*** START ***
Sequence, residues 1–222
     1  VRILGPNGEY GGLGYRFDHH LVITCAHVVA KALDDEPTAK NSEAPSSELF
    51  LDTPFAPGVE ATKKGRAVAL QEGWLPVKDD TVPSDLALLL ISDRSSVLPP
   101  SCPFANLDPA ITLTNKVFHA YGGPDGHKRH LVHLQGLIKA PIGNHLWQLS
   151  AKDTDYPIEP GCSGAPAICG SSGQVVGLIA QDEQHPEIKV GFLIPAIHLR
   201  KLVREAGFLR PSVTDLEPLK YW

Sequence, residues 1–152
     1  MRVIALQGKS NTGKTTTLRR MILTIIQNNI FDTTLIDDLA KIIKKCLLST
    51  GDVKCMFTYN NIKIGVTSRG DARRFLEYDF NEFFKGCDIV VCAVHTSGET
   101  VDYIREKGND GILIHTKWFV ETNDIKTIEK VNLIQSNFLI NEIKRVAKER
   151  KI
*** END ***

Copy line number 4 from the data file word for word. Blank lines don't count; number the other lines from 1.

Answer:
   101  SCPFANLDPA ITLTNKVFHA YGGPDGHKRH LVHLQGLIKA PIGNHLWQLS